Amordad News

The Heritage of Sharifabad Mobeds, written by Dr. Mehrdad Ghadrdan was registered in Civilica

For the first time, the “Heritage of Sharifabad Mobeds” was published in the Journal of Historical Sciences Research of the University of Tehran by Dr. Mehrdad Ghadrdan, a Zoroastrian writer, and was registered in the “Civilica” citation database.

A scientific research article entitled “Heritage of Sharifabad Mobeds from the beginning of Safavid to the end of Qajar,” along with the collection of articles in the Quarterly Journal of Historical Sciences Research of the University of Tehran, has been registered and indexed in the citation database of the country’s conferences (CIVILICA.com). This article is taken from Dr. Mehrdad Ghadrdan’s dissertation under the guidance of Dr. Zohreh Zarshenas. As Dr. Ghadrdan, a scholar of ancient Iranian culture and languages, states in the introduction to the article; in this article, the role, position, and function of the clerics of Sharifabad, Ardakan, Yazd, to lead the Zoroastrian community and guide the Persians in religious affairs, has been studied for the first time. In this research, the location of the Azarfaranbagh fire in Sharifabad has been determined, and based on the available documents, along with counting and drawing the genealogy of the famous clerics of Sharifabad their written works have been counted in the period of the article.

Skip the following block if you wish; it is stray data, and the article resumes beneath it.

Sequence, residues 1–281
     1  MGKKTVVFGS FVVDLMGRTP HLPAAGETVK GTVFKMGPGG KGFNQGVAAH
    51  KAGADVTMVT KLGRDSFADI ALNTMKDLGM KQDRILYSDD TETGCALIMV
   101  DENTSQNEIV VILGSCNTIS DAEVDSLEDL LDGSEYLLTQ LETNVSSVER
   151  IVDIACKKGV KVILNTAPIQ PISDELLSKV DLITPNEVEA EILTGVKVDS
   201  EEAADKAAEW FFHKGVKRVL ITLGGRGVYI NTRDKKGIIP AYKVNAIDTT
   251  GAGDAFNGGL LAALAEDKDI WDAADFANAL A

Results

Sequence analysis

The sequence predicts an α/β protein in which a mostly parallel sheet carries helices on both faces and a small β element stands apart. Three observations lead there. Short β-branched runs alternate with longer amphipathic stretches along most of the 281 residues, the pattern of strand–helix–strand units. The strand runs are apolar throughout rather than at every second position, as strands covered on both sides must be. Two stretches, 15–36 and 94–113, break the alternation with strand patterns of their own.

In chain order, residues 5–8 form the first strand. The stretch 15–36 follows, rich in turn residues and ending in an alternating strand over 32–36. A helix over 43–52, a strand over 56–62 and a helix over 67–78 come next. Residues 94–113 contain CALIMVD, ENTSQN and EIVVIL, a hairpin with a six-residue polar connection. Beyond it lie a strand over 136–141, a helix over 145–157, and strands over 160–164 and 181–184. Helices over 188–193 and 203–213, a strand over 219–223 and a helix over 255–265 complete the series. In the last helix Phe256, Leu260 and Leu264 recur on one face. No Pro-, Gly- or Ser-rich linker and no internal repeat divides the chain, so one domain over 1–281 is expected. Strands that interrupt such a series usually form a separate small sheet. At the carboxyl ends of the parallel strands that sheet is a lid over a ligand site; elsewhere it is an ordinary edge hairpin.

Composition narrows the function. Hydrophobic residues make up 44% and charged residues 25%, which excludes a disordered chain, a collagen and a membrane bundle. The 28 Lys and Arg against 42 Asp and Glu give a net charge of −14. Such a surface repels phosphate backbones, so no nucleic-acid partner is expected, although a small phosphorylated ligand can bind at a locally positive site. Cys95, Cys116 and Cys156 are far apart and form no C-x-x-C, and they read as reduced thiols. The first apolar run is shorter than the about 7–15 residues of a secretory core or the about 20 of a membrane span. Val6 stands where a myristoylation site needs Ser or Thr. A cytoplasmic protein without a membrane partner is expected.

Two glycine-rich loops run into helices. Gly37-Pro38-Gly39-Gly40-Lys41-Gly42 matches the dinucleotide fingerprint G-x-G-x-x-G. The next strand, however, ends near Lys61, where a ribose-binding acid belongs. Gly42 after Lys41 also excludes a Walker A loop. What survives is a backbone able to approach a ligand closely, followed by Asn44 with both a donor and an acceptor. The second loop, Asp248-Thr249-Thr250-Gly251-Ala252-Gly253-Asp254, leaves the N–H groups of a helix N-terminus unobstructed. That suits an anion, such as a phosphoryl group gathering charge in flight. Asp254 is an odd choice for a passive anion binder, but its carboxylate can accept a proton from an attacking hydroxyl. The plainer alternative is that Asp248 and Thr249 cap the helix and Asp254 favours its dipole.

From the article’s abstract, we find that Sharifabad, Ardakan, Yazd, close to the eighth century AH, with its two neighboring villages, Ahmadabad and Torkabad, have formed an influential triangle on the religious life of Zoroastrians. This inflence was the result of migration of Mobed Mobedan (head priest) and a group of accompanying mobeds from Fars province to this region, in the present century. The present study concludes that with the residence of at least two families of mobeds in Sharifabad, they have performed three important duties: first, guarding the sacred fire of Azar Faranbagh fire temple to Sharifabad with Mobed Mobedan, from Fars. The second is copying the manuscripts of Avestan texts, which are now considered ancient manuscripts, and the third is responding to the jurisprudential questions of their Parsi counterparts in India. According to the author, to achieve this important function of Sharifabad mobeds and review various related texts and articles, the old minutes of meetings of the Naseri association, Sharifabad branch, and minutes of meetings of the past decades have been carefully studied. By studying and searching in the old endowments office, and documents belonging to the mobed families and the previous heads of Sharifabad village, important information has been derived. Following these searches, in addition to finding the ancient office of village endowments, by identifying the old houses of the mobeds, the possible place of writing of one of the oldest Avestan copies of the world (version 976) has been introduced.

In 19 pages in PDF format, the file of this article can be downloaded from the link https://civilica.com/doc/1274352/.

 

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